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Patagonia’s founding family gave away company profits—but it still controls the retailer’s future

September 21, 2022, 9:15 AM UTC
Patagonia founder Yvon Chouinard says that Earth is the company's only shareholder now.
Ben Gabbe—Getty Images for Tribeca X

No doubt you saw the news that Yvon Chouinard, the founder of outdoor wear giant Patagonia, “gave away” the company to a climate change charity, the Holdfast Collective, last week. In an open letter, Chouinard said that Earth is now the company’s “only shareholder.” But that’s an overly-altruistic summary. The Chouinard family has retained strong control of the company. What they’re “giving away” are profits.

Under Patagonia’s new business structure, company shares have been split between two new entities: the Patagonia Purpose Trust, and the Holdfast Collective charity. The Collective gets 98% of total shares while the Trust gets just 2%. However, the Trust’s 2% of shares also carry all of Patagonia’s voting rights, which means the trust has 100% of company oversight.  

“The Chouinard family will guide the Patagonia Purpose Trust, electing and overseeing its leadership. Family members will continue to sit on Patagonia’s board,” Patagonia says in an FAQ on the change of structure. Daily management will still be led by the company’s board of directors and CEO, Ryan Gellert.

When I asked the company in an email who will determine who sits on the board in the future, Patagonia reiterated that the “Chouinard family will guide the Patagonia purpose trust.” The family will also “guide” work at the Collective.

Ensuring the Chouinard family retain control or “guidance” of Patagonia isn’t a bad thing. The family has done well establishing the clothing giant as a philanthropic force so far. But there are still few details on how much funding the Collective will actually receive from Patagonia nor how the Collective will invest its allocation.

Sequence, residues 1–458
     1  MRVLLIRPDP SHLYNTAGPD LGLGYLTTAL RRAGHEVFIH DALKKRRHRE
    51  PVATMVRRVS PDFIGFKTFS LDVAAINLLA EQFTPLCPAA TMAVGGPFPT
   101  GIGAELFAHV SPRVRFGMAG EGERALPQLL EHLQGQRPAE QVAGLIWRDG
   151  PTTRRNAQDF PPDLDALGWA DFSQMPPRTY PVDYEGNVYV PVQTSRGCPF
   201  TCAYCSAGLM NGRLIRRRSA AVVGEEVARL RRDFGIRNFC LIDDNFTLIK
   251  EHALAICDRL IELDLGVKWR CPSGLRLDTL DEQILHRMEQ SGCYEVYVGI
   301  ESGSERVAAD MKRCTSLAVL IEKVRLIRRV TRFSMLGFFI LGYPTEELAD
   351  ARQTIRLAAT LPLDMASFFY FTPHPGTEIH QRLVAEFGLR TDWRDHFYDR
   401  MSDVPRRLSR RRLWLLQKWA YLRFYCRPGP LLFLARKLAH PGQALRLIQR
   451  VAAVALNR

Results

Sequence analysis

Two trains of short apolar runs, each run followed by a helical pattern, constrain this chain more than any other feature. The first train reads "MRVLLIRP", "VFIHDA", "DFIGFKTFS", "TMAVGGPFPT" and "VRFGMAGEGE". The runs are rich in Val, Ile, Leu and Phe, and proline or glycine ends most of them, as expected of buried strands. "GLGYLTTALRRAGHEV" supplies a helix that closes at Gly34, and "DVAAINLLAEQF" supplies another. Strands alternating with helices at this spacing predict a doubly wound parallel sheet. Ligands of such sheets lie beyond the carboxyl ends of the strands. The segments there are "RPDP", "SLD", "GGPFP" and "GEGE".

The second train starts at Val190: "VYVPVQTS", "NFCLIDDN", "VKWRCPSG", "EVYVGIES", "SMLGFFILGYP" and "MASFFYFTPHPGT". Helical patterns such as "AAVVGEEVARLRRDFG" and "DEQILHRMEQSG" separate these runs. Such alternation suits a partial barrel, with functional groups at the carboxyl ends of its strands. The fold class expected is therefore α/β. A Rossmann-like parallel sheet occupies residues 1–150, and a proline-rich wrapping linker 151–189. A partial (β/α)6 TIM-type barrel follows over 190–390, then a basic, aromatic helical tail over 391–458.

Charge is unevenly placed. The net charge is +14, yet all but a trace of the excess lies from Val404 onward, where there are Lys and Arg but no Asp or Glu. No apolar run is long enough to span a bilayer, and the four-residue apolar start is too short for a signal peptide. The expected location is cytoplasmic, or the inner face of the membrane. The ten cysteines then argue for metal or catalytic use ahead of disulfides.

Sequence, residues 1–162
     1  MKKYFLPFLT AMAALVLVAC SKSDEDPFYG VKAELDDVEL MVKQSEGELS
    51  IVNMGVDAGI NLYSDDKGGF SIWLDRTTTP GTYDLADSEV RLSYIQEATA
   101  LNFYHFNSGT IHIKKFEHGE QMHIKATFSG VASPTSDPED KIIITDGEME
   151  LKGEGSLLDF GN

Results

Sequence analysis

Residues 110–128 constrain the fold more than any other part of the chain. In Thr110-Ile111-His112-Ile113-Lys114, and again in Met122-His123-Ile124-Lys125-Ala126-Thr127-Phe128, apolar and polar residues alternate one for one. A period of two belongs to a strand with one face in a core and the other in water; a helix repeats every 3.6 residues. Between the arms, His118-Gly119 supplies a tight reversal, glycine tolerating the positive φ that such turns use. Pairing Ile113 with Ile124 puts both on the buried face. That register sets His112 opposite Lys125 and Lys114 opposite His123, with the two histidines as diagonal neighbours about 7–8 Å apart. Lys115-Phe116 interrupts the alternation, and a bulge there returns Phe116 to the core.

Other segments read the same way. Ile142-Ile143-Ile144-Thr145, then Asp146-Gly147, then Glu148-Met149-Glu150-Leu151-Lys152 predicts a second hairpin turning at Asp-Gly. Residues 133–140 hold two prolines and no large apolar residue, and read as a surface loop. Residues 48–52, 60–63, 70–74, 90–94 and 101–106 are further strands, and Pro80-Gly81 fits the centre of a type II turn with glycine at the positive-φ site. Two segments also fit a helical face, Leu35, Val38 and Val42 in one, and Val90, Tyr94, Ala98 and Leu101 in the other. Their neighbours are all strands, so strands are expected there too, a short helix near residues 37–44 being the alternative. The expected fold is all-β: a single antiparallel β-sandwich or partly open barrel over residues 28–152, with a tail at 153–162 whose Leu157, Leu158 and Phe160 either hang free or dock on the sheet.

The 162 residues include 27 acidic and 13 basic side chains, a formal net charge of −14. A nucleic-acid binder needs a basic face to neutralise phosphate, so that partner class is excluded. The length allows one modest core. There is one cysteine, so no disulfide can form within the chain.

Profits at Patagonia are roughly $100 million a year, which could all be issued as dividends. But the company told me funding for the Collective will be made through dividends payments issued at the board’s discretion and that the board will determine the value of the payout based on “many factors, including the company’s future needs.” The Trust will also receive dividends payments, in line with its 2% shareholding.

The upshot, however, is that when Patagonia does issue dividends, 98% of the payout will automatically go to the new charity. Patagonia says this new arrangement is better than remaining private and donating funds to an established charity because it will ensure the group is “permanently committed to being in business to save our home planet.” 

And even if the Chouinard family does retain its influence on the company’s management, sacrificing personal access to a $100 million windfall is really the remarkable element of the move. It’s a novel approach to stakeholder capitalism and, if it works, one that might provide a blueprint for other companies. 

Eamon Barrett


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